Are You Willing To Trash Your Art?

Spoiler alert: You should be. Here are a few reasons why.

Are You Willing To Trash Your Art?
Photo by Overture Creations / Unsplash

Morning pages are a way many writers jumpstart their creativity. A lot of the advice surrounding morning pages is fantastic but I’m here with an unconventional take: Write your words and delete. Trash them for eternity. Set fire if you have to. Make like they never existed.

Am I crazy? Not at all! In fact, deleting work is something very successful creatives do.

Rosemary Wells is a children’s book author and illustrator. Every morning before she starts work, Rosemary creates a painting to her liking and throws it away. Right in the trash. Never seen by anyone but herself.

Can you do it? Can you throw away your art?

Eddie Huang is the badass chef behind New York City’s Baohaus and the inspiration for the television show, Fresh Off The Boat. In his memoir, Eddie explains the cooking process of “throwing out the first.”

When cooking, the first batch of anything always gets trashed. Eddie throws out the first batch of noodles, the first pancake, the first fat cooked off when brazing pork. Why? The first makes room for the best.

The first pancake ensures the pan’s temperature is correct. The first noodles leave starch in the water to ensure the batch to come is perfect. Throwing out the first is not an act of waste, it’s preparing to put your best work forward.

Can you throw away your writing?

In her book, Embrace Your Weird, Felicia Day talks about hitting delete. It comes down to having agency over our own lives. When we’re okay with throwing things out we’ve created, we achieve a power over our lives we don’t otherwise have. And when we feel powerful, we can unlock our creativity. As Felicia says:

Is it a waste of time to write stuff we will throw away in the end? Well, time passes either way so we can waste time being stuck or waste time trying to get past it.

Hitting delete isn’t just cathartic, it frees up our creativity. Here are five ways to unlock creativity by throwing out the first.

Approach 1: Story Time

Pick a random object, preferably one within eyesight. Set a timer for 10 minutes and write a story involving that object. Maybe it saves the planet? Maybe not? Who knows? This is your story. Make it the best story you can. Read through it once and delete every existence.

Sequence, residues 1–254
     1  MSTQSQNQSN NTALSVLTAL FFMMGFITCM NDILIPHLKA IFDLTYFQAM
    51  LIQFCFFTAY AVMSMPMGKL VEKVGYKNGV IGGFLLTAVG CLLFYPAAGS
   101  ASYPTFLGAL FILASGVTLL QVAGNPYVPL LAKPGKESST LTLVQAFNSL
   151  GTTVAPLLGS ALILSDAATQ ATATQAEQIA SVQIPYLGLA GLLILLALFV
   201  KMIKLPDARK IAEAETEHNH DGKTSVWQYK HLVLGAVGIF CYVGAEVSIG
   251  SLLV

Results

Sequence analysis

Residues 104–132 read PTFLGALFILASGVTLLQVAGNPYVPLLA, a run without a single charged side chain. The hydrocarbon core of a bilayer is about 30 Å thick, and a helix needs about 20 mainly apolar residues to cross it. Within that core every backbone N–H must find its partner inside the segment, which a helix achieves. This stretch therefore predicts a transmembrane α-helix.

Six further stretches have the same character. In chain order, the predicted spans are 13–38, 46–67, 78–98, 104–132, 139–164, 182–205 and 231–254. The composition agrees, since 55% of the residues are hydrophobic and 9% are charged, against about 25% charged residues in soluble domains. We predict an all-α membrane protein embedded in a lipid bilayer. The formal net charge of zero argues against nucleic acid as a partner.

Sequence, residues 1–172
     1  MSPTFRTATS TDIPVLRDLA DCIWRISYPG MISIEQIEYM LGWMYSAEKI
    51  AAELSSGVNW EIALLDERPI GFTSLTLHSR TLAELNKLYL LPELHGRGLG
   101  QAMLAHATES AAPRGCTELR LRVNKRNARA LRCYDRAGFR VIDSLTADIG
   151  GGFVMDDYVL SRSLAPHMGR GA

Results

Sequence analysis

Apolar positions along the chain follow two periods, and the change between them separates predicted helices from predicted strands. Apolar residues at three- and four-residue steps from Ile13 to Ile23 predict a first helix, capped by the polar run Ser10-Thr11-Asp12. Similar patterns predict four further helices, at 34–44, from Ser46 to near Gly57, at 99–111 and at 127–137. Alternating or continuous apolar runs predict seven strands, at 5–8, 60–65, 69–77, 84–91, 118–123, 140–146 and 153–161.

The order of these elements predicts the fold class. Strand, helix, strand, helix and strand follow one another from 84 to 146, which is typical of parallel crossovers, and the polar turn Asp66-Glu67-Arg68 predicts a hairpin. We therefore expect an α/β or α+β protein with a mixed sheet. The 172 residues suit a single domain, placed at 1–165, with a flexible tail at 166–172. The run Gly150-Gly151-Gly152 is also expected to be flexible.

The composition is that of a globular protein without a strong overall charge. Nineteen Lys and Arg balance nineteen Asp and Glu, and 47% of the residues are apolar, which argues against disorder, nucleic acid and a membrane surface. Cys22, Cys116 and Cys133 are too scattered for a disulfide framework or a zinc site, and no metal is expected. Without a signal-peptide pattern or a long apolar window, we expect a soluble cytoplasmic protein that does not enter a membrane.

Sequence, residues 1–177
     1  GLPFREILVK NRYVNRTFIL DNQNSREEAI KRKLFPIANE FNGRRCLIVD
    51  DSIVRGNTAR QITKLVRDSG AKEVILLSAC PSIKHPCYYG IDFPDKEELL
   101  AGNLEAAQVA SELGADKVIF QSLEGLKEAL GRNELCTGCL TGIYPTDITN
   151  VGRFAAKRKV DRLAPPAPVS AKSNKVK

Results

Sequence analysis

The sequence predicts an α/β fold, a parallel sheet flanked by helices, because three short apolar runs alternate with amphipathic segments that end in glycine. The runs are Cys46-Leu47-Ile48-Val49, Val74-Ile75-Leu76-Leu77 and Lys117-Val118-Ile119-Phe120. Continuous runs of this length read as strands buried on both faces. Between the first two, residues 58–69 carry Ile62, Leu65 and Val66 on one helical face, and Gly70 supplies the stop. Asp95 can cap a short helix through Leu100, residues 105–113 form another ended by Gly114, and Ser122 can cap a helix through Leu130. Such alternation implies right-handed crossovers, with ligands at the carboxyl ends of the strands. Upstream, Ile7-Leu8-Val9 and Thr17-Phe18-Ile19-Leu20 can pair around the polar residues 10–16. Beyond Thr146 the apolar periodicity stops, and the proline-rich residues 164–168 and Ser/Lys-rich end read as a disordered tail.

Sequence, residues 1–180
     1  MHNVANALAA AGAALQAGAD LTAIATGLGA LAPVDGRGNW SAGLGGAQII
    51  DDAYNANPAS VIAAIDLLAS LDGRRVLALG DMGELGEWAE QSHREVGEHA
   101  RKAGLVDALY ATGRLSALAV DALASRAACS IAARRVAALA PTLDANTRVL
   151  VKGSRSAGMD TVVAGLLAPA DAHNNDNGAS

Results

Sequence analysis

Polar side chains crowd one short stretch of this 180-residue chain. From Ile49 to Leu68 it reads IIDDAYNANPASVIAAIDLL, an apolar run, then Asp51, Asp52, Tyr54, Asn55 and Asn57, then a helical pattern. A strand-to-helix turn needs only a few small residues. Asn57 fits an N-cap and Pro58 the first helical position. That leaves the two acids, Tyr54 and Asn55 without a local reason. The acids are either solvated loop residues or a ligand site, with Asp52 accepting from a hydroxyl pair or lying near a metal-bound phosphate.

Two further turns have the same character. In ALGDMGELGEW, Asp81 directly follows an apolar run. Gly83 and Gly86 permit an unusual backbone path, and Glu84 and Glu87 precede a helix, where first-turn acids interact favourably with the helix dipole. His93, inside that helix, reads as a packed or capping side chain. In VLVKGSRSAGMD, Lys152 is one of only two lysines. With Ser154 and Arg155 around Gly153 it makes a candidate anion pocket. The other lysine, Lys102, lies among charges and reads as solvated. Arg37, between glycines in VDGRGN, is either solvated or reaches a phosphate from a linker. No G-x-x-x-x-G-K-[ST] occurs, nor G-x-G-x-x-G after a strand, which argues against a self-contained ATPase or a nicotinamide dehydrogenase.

Approach 2: Stream Of Consciousness

Don’t think. Just write. Go with whatever pops into your head. Spend 10 minutes letting your brain take you in any direction possible. Don’t stop to edit, read, or contemplate. Keep moving until the end. Read your thoughts. They won’t be fantastic, but they will be yours. Delete them and move on.

Approach 3: Kill Your Darlings

Pick one of your own characters or a favorite from someone else’s work. Have the character in mind? Write a scene where they die. Is it heroic, tragic, chaotic? Go with it. Read it and trash it. If you chose your own characters, you must resist the urge to hold on and use this. That’s not the point here. You can keep the idea but delete the words.

Approach 4: Time Travel

Send yourself back in time to give advice to someone that significantly changes the future. Don’t worry about the Butterfly Effect because this story has no stakes. Write the scene, read it — and by now you know the drill — delete with abandon.

Approach 5: Give In To The Most Dangerous Writing App

This is a free app online where you get a random prompt and then type. If you stop typing, the words get deleted. Spending time on anything you cared about and this app is super dangerous. But the whole point of our exercise is to delete our work so, if you might have difficulty deleting your work, then this app is perfect for you.

Whatever approach you take, the key here is throwing out your work. The first time is super difficult; there’s no doubt about that. But each time gets easier and easier. Remember, deleting the first makes way for the best.

Now go take out the trash.

Justin Cox Justin Cox

Justin Cox is a donut-loving, word-writing, nonprofit consultant based in Orlando. He also runs The Writing Cooperative on Medium. Come say hello!